Meny
 

The Puzzle of Perceptual Justification

Conscious experience, Higher-order Beliefs, and Reliable Processes

Serie: Synthese Library 377

This book provides an accessible and up-to-date discussion of contemporary theories of perceptual justification that each highlight different factors related to perception, i.e., conscious experience, higher-order beliefs, and reliable processes. Les mer
Vår pris
1350,-

(Paperback) Fri frakt!
Leveringstid: Sendes innen 21 dager
På grunn av Brexit-tilpasninger og tiltak for å begrense covid-19 kan det dessverre oppstå forsinket levering.

Vår pris: 1350,-

(Paperback) Fri frakt!
Leveringstid: Sendes innen 21 dager
På grunn av Brexit-tilpasninger og tiltak for å begrense covid-19 kan det dessverre oppstå forsinket levering.

Om boka

This book provides an accessible and up-to-date discussion of contemporary theories of perceptual justification that each highlight different factors related to perception, i.e., conscious experience, higher-order beliefs, and reliable processes. The book's discussion starts from the viewpoint that perception is not only one of our fundamental sources of knowledge and justification, but also plays this role for many less sophisticated animals. It proposes a scientifically informed reliabilist theory which can accommodate this fact without denying that some of our epistemic abilities as human perceivers are special. This allows it to combine many of our intuitions about the importance of conscious experience and higher-order belief with the controversial thesis that perceptual justification is fundamentally non-evidential in character.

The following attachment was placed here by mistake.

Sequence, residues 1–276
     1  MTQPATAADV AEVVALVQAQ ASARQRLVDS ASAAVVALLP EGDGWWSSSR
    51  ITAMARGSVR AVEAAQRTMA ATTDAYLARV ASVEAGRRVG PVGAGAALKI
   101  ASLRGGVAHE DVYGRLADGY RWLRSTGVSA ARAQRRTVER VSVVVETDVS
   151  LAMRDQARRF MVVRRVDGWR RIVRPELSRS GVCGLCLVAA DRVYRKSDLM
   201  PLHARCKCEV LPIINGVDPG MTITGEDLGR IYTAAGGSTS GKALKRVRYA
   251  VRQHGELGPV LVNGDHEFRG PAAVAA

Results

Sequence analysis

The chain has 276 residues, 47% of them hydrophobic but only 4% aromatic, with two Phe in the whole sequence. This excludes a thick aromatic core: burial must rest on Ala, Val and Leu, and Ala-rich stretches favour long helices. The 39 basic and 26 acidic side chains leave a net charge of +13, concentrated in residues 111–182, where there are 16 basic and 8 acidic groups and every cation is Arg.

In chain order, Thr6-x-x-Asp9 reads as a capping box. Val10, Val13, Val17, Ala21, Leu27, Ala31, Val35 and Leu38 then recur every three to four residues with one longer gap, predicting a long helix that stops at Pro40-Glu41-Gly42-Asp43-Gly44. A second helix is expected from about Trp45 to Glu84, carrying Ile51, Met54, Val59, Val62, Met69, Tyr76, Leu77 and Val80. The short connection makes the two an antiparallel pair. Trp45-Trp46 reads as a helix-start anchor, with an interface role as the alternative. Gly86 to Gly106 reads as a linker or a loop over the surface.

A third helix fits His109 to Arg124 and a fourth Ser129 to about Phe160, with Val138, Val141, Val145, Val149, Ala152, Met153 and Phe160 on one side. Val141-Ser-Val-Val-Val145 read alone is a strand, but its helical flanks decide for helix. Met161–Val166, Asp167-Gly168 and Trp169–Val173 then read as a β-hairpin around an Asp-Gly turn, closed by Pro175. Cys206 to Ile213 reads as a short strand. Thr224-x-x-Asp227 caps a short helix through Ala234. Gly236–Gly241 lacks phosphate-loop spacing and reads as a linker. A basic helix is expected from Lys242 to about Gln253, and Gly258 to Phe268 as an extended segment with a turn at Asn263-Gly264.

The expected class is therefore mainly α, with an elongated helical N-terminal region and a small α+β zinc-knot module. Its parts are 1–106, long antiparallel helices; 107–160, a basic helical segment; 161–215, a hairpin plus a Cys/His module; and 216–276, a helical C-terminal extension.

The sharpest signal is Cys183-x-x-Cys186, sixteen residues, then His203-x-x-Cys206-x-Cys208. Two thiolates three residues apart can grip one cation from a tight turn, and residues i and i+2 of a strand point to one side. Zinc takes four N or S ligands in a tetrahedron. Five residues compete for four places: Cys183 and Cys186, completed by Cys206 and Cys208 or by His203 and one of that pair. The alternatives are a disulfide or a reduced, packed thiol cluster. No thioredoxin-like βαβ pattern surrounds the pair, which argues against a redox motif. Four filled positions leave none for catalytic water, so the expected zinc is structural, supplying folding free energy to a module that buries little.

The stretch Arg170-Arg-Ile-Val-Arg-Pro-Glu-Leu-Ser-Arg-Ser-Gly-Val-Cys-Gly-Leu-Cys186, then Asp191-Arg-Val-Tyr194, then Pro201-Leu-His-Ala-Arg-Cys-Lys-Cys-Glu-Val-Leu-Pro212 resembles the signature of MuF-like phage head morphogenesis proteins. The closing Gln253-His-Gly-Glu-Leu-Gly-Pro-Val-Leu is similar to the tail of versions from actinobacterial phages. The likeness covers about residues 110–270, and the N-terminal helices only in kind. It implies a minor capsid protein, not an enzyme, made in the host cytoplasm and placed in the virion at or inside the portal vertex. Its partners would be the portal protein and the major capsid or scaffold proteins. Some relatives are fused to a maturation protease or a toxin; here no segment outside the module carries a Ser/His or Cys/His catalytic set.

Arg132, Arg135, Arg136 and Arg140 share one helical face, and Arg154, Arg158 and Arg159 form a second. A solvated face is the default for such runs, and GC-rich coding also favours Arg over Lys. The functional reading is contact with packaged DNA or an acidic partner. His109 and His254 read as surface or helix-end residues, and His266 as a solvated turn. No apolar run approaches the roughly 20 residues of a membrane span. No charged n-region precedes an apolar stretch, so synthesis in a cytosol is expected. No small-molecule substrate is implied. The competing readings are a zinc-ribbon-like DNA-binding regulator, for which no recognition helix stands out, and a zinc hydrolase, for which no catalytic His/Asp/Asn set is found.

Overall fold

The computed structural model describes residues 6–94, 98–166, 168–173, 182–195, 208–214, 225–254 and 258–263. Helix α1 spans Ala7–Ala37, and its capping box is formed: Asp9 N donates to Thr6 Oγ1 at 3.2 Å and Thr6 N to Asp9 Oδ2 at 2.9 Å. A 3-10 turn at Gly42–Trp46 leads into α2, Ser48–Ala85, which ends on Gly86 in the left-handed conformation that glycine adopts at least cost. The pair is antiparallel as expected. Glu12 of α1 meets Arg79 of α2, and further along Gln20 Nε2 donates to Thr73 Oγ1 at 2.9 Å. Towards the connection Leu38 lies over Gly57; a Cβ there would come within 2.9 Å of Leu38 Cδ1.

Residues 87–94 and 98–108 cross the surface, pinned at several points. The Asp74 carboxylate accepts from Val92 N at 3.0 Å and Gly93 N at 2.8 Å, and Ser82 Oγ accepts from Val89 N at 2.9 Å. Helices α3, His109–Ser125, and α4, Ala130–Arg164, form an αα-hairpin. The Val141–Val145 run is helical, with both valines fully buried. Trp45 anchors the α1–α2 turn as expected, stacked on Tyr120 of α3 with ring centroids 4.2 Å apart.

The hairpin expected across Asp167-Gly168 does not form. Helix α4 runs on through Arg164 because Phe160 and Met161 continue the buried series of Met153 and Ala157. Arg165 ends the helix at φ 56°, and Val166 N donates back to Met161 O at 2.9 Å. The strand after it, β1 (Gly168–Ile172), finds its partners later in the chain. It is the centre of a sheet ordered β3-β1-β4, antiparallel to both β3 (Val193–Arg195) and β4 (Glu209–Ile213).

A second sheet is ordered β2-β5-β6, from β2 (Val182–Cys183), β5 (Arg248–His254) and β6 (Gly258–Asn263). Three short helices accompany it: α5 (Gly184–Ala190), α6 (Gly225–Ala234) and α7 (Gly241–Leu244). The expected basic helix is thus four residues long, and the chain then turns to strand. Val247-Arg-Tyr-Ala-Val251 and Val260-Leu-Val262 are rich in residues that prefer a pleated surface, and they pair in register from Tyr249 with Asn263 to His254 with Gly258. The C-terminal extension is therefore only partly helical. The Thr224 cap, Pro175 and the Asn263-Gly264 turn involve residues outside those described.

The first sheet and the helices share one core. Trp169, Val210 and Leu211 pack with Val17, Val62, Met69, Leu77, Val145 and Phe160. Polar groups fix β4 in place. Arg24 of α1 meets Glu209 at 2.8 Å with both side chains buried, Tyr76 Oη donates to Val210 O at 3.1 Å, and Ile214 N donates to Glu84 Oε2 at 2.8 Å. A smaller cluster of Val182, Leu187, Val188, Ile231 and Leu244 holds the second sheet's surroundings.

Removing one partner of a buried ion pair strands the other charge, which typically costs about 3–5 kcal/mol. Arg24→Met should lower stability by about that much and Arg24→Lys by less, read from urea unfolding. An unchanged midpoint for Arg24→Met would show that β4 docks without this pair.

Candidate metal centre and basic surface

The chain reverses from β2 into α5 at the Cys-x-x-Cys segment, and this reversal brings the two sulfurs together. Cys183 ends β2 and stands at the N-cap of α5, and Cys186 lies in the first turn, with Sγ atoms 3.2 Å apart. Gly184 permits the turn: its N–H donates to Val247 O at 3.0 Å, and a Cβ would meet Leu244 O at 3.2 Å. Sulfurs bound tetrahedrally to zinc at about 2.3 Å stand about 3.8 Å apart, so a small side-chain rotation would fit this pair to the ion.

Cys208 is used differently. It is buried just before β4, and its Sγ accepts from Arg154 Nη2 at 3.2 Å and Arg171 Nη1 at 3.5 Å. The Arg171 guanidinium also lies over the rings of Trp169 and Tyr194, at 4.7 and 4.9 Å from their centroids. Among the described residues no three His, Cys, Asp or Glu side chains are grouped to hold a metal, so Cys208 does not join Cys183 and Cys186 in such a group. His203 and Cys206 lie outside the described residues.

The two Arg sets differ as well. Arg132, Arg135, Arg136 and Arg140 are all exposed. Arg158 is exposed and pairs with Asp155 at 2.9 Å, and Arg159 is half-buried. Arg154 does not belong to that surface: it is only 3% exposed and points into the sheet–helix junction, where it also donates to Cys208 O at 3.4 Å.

Fakta

Innholdsfortegnelse

Chapter 1. Perception, Hallucination and Justification.- Chapter 2. Evidentialism and the Problem of Fit.- Chapter 3. Dogmatism and the Distinctiveness Problem.- Chapter 4. Epistemological Disjunctivism and Higher-Order Issues.- Chapter 5. Process Reliabilism and Its Classic Problems.- Chapter 6. A Higher-Order Rejoinder for Reliabilism.

Om forfatteren

Harmen Ghijsen is a postdoctoral researcher at the Institute of Philosophy at KU Leuven and a member of the Leuven Epistemology Group. His area of research is located at the intersection of philosophy of mind and epistemology and focuses on integrating epistemological theories with our actual cognitive architecture. He has published numerous articles related to this research, with perceptual justification as one of his favorite topics.